What is common in these 3 cases:

Casy, age 24, passed out his CA this year in his second attempt. He has been giving interviews for last three weeks. Frustrated in not getting the desired job in corporate, he approached me with this question, ' After doing CA, how can i not get the job i want?'

Jabbar , age 31, sincere hard worker and a bright student, has been working in a big software organisation after passing out from a top Engineering institute.  He met me last year. His constant disappointment in his work has been 'job satisfaction', despite, as he says, working harder. He has changed two jobs in last 6 years for that. 

Anil, age 42, considers himself to be a successful professional. He is a GM in a manufacturing organisation, which is not common at this age. He owns a house in Pune, has two cars for his family, goes for a holiday every year to foreign destination.  He is wondering if he has succeeded too early in life and wonders what to do next, because as he says there is no 'mountain to scale'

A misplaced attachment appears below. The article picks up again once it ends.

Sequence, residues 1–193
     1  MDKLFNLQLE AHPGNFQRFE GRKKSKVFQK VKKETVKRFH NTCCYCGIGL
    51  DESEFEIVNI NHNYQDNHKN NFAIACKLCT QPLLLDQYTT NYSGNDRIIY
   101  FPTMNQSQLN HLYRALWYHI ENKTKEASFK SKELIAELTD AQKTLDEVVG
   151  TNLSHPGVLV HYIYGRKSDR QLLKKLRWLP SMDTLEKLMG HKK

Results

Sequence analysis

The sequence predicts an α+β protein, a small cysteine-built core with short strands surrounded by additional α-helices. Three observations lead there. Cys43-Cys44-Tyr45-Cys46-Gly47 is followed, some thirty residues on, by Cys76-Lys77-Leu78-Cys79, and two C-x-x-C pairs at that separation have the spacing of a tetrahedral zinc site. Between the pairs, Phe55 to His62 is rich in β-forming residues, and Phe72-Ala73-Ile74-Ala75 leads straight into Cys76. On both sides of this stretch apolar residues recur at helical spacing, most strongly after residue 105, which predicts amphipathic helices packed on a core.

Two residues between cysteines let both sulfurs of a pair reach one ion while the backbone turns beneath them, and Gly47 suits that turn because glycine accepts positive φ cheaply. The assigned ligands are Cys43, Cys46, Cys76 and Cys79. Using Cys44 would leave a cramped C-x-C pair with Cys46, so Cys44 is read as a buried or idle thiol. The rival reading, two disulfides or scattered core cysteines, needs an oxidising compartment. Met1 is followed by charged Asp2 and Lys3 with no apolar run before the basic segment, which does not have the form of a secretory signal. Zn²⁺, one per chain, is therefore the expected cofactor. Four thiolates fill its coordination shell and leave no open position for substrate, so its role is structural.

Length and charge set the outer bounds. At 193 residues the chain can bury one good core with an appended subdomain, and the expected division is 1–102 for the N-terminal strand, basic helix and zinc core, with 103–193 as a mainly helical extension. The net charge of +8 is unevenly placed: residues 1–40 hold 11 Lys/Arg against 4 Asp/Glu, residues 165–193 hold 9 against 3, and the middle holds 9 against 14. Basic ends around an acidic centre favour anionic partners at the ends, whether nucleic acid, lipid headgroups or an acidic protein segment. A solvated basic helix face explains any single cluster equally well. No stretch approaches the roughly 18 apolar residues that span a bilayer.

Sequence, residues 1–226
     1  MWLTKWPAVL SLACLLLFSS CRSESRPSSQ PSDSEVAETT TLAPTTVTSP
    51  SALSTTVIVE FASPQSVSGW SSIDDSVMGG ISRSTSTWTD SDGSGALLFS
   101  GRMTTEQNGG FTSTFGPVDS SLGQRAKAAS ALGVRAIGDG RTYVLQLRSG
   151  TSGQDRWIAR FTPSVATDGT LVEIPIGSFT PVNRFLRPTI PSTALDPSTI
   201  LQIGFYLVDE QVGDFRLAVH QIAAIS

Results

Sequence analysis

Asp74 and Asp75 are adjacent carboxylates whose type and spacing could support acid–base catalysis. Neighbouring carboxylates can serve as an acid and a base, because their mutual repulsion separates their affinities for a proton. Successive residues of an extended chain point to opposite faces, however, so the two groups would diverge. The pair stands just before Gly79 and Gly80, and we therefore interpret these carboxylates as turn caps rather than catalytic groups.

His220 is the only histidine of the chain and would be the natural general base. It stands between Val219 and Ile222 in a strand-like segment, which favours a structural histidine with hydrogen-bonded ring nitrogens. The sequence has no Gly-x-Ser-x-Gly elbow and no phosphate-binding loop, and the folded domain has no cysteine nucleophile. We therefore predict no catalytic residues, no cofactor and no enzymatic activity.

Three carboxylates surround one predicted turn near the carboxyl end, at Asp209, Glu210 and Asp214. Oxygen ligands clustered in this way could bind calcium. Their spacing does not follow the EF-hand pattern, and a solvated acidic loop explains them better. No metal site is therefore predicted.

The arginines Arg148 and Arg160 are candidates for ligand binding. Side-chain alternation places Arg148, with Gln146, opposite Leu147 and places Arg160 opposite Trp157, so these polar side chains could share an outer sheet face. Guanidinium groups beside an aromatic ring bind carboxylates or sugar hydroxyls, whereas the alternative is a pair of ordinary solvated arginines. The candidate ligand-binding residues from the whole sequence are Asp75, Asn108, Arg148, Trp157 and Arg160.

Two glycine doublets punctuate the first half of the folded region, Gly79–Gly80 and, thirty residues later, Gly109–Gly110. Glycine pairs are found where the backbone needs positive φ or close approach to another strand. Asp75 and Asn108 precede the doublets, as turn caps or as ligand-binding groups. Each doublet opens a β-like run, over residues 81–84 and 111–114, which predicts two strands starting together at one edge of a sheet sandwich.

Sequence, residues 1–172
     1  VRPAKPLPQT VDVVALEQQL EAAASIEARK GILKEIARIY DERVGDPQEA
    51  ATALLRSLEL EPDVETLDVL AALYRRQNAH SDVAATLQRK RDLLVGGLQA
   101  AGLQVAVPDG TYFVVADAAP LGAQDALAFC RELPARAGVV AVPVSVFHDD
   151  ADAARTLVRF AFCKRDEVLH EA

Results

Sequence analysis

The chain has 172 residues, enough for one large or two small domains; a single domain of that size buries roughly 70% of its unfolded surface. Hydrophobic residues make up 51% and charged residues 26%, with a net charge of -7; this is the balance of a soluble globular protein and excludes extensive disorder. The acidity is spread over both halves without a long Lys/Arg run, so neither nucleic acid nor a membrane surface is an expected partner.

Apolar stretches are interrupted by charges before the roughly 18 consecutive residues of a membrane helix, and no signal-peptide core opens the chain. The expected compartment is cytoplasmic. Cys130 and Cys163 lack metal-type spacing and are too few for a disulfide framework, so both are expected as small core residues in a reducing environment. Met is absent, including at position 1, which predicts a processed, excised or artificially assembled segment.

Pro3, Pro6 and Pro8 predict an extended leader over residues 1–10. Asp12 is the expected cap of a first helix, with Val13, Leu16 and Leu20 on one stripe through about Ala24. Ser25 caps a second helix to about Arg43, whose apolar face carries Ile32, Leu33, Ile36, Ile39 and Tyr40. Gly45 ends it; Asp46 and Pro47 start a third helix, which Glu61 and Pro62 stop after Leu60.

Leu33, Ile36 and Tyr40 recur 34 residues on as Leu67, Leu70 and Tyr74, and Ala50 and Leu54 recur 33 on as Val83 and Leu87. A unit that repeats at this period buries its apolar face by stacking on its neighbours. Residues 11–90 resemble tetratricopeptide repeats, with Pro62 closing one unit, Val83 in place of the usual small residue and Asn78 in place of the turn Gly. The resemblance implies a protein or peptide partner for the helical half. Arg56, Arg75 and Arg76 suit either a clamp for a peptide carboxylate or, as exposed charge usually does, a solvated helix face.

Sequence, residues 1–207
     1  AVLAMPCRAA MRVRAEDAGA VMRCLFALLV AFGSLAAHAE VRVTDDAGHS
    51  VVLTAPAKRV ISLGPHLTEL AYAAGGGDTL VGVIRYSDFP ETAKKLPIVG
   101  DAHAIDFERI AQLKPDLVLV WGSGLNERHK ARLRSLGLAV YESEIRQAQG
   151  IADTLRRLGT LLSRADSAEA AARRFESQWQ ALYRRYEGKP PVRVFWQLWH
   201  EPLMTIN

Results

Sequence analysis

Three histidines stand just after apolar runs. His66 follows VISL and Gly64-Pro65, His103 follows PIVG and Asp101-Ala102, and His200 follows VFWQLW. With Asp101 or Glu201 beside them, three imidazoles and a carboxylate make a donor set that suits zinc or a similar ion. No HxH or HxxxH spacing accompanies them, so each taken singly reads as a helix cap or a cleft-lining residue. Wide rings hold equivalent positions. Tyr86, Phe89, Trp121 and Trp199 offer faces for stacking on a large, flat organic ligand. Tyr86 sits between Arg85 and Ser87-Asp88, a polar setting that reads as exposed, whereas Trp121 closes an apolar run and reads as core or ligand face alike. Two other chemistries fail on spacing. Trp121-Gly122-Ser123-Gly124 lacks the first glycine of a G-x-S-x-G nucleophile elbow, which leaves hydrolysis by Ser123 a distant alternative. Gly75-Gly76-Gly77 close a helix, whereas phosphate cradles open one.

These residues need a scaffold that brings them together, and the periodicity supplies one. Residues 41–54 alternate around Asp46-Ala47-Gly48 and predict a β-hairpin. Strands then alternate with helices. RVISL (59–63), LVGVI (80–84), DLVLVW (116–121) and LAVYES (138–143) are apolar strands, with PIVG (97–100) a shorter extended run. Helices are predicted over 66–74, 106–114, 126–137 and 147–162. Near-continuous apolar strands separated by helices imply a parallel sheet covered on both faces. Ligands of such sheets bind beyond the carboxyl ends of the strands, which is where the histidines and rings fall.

All three were expecting to cruise on 'auto-pilot'. Casy thought that a good job is his birthright after going through the gruel of doing CA. Jabbar thought that job satisfaction is automatic if he works diligently and sincerely. Anil expected to see the next 'mountain' once he scaled the earlier mountain. If they had asked their fathers' advice, their fathers would have not been able to help them.

Our fathers got jobs quite comfortably in earlier days. In those days, if one did a CA, one's life was made for good. The demon of job satisfaction was never seen, because in earlier days, one moved from one job to another only for higher salary or positions, not for job satisfaction. Fathers did not face the challenge of Anil, because they spend their entire life trying to find 'adequate' food and shelter for their family.

Today everything has changed. Job markets have changed. Even employers can chose the best, the choice they earlier lacked. That is why like Casy, even Engineers, lawyers and first class graduates, find it difficult to get jobs they want.  However, like his employers, Casy also has many options: he can work with a company, a NGO or as a free-lance. However, to exploit this advantage, he must first equip himself with a new rule-set.